Setting the tone and expectations for staff members and motivating

Being a key role model for students and staff

Ability to take others in the right direction at the right time

Resilience in the face of adversity

 

One thing I would reflect on is the enormity of the task that I have undertaken over the last four keys amidst a turbulent background.  It has at times been too all consuming and has taken too heavy a toll on my personal life.  There have been times when I have been very close to throwing the towel in.  So a healthy dose of resilience is probably the strength I would point to.  Also experience and ability to work through problems and find good solutions, often when working alone and often when facing with a very challenging environment from both a physical and mental perspective.  Thinking through difficult problems and selecting the correct way forward is very important.

 

A key aspect of leadership, as I have articulated many times throughout this portfolio is role modelling.  The ability to show positive 'can do' characteristics on a day to day level is really important to me and it is an essential part of a student facing individual.  Students can be energised by this and it is a part of what motivates them to help on the farm.

 

3.3 Reflect on the significance of transformative leadership concept for the RMT student

 

For this section I am just going to include a description recently written by a student I have been working with.  I am not including this out of a sense of ego, but out of a sense of how a student has reflected on his own personal growth in relation to the RMT method and in relation to his own transformation.  This was a piece that he wrote as part of a GCSE exam practice response:

 

Q8 write the text for a speech you will give to your peers about an important person in your

life.

 

Today I would like to tell you about someone who has been a positive influence on me during my

time, as a student, at Brantwood school. His name is Jim Hildyard and he is the Head of Outdoor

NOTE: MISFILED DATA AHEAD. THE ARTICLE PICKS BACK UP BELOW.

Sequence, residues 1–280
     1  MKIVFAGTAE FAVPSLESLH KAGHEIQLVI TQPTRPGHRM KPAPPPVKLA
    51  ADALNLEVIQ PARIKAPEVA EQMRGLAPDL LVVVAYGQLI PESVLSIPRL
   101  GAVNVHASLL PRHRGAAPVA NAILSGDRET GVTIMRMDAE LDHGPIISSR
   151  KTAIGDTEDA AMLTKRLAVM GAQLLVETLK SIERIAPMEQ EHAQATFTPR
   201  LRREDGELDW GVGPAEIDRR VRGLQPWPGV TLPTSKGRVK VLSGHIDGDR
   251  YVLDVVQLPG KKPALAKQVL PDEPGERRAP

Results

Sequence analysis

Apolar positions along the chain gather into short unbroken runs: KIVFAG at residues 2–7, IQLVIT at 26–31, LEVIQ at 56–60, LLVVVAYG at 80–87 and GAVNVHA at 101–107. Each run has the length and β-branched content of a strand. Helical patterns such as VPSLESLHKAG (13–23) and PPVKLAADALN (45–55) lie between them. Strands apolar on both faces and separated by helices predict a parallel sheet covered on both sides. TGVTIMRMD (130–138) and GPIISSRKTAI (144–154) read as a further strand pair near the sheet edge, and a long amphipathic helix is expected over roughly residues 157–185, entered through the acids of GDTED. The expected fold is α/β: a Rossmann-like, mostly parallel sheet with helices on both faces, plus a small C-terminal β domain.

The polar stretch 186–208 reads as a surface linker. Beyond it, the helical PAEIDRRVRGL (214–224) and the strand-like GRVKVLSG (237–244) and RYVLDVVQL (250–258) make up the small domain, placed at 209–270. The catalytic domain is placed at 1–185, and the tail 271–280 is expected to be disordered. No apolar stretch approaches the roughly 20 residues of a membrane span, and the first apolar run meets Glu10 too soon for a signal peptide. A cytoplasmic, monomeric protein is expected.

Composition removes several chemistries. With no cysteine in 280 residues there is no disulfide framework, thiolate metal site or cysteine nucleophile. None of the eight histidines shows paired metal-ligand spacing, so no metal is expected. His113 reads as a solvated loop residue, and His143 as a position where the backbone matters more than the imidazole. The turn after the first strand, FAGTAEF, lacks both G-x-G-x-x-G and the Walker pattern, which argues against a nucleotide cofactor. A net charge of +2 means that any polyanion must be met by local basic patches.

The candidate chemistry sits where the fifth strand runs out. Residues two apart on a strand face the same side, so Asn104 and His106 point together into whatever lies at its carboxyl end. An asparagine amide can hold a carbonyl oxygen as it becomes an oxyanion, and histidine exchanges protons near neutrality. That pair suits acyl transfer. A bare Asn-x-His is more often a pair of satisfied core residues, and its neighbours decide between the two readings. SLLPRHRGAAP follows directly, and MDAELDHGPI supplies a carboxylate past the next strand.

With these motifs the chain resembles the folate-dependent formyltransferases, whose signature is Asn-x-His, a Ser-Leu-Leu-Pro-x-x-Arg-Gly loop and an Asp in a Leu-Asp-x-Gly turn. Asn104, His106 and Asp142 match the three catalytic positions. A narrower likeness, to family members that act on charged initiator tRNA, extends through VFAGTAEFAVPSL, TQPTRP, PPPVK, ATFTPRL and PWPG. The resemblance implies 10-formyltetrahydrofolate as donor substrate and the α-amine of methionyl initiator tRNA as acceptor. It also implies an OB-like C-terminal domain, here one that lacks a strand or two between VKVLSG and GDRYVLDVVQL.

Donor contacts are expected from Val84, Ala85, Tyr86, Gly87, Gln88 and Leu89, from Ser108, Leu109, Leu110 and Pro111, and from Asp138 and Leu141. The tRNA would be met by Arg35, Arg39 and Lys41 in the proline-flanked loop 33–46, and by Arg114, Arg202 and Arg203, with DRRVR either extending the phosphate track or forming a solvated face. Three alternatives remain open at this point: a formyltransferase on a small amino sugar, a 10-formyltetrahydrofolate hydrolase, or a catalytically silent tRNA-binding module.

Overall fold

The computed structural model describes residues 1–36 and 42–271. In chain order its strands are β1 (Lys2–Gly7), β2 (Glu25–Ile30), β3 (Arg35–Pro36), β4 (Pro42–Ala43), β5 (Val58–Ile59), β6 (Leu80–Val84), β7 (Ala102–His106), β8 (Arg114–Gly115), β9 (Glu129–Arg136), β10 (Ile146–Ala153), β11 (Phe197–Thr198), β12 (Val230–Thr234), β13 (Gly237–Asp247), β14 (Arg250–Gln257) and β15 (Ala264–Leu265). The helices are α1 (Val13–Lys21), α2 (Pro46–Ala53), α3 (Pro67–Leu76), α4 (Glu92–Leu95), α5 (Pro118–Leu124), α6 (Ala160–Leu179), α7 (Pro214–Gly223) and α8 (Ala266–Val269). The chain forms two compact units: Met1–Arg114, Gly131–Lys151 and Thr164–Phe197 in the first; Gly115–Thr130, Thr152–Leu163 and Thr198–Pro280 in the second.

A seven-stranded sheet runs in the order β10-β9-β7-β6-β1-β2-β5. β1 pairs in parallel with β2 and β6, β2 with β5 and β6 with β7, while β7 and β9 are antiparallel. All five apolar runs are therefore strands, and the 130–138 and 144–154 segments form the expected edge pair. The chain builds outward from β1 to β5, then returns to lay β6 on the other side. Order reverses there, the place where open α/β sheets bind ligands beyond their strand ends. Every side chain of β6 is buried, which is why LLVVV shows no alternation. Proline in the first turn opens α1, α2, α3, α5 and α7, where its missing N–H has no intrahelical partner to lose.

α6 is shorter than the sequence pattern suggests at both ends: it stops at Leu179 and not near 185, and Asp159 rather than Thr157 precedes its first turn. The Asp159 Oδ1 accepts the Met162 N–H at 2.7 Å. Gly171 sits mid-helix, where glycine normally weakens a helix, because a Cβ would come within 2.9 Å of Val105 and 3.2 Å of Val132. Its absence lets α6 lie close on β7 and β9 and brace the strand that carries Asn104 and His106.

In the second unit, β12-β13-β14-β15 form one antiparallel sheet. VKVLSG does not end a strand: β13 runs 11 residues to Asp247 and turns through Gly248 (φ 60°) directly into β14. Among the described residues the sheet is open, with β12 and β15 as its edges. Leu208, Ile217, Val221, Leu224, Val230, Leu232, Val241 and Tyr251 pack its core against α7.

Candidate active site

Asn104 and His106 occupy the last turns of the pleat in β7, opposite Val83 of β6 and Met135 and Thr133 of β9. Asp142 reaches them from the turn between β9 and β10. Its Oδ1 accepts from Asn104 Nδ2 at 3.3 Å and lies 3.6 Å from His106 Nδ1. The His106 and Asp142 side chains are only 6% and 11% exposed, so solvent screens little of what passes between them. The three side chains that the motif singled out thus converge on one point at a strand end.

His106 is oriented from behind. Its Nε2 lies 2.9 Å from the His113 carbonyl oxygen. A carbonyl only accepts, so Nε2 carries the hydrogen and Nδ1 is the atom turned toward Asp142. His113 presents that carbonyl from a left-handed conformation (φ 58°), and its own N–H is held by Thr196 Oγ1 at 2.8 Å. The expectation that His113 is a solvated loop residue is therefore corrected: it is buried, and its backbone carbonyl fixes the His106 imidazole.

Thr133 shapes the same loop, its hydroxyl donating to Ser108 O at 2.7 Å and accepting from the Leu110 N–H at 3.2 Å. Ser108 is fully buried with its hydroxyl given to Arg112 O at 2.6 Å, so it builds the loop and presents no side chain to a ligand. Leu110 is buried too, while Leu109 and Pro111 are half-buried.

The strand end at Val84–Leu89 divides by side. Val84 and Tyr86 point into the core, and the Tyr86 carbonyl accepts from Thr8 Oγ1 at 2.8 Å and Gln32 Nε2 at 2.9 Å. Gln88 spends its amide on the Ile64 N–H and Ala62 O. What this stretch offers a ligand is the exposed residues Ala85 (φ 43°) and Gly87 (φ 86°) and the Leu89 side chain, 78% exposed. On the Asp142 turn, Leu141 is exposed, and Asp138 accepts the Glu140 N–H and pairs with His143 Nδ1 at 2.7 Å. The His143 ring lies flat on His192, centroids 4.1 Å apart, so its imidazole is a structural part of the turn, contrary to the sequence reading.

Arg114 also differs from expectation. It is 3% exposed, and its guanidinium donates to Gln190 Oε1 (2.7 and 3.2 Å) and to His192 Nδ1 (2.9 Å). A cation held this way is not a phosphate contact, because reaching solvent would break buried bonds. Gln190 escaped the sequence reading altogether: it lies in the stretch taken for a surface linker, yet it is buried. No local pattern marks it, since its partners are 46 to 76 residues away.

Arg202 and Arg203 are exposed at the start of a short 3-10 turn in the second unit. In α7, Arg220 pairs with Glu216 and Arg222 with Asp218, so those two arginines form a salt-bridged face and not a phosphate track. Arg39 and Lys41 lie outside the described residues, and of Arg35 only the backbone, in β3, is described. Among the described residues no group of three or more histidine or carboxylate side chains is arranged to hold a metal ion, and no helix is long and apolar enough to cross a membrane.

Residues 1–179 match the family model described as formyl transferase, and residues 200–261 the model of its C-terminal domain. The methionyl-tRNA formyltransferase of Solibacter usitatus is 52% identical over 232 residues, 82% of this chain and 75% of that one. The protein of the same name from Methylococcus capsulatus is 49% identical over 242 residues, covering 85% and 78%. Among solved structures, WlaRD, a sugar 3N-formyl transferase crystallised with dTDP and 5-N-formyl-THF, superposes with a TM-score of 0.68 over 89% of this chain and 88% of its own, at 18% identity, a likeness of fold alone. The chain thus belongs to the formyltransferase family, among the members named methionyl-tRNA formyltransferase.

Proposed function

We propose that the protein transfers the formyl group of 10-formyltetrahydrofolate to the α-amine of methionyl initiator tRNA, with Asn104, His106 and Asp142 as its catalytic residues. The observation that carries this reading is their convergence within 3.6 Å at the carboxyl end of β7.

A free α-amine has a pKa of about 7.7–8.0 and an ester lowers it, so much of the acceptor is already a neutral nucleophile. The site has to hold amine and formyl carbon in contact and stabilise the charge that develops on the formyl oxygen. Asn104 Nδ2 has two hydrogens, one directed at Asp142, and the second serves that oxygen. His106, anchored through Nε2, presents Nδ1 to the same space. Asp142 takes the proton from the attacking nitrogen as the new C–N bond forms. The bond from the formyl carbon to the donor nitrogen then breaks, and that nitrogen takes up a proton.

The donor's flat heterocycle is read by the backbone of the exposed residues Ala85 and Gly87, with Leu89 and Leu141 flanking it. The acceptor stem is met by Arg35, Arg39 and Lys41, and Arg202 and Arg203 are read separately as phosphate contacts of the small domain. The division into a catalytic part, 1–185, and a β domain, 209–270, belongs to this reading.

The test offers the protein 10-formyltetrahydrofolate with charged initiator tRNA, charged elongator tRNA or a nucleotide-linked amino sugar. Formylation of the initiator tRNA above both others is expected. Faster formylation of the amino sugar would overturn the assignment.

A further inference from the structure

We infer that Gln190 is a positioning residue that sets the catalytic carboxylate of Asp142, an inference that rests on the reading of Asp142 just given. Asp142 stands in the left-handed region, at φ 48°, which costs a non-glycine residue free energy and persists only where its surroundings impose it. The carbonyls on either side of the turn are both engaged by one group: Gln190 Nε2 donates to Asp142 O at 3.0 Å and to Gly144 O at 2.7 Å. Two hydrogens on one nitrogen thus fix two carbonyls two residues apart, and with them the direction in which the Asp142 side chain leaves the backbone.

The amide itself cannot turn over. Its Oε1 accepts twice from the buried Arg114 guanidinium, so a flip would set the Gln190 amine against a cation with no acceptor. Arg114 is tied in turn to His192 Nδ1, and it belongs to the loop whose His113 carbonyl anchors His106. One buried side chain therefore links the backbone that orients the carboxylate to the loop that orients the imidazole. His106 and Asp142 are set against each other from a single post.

Learning based at Eyam Edge Farm. He is someone who has enabled me to do some fun and

interesting projects at Eyam Edge Farm over the few years I have known him and as a result, I am

in no doubt, that I have grown as a person.

 

Eyam Edge Farm is an off grid learning facility in the Peak District and is part of Brantwood

School. The site includes a large barn which includes a workshop, a small area of woods, and

enclosures for keeping animals such as sheep, pigs, chickens, and goats.

 

Eyam Edge Farm is one of the highest points of the Peak District, and it has some of the most

extreme weather. During a cold winter the snow piles up making the land unreachable by any car,

and during the summer the heat of the sun beats down onto the exposed fields, with great intensity.

You need to be a robust person to be able to contend with managing the site in all weather

conditions and Jim fits that bill!

 

At Eyam Edge Farm one of the things that is taught to students, like me, is the use of tools for

woodwork and construction. One of my first larger projects there was creating a small partunderground construction. Built down into the ground, with dirt piled over the roof to make it look

like it was dug directly into the side of a hill. This is one of the first larger projects where I was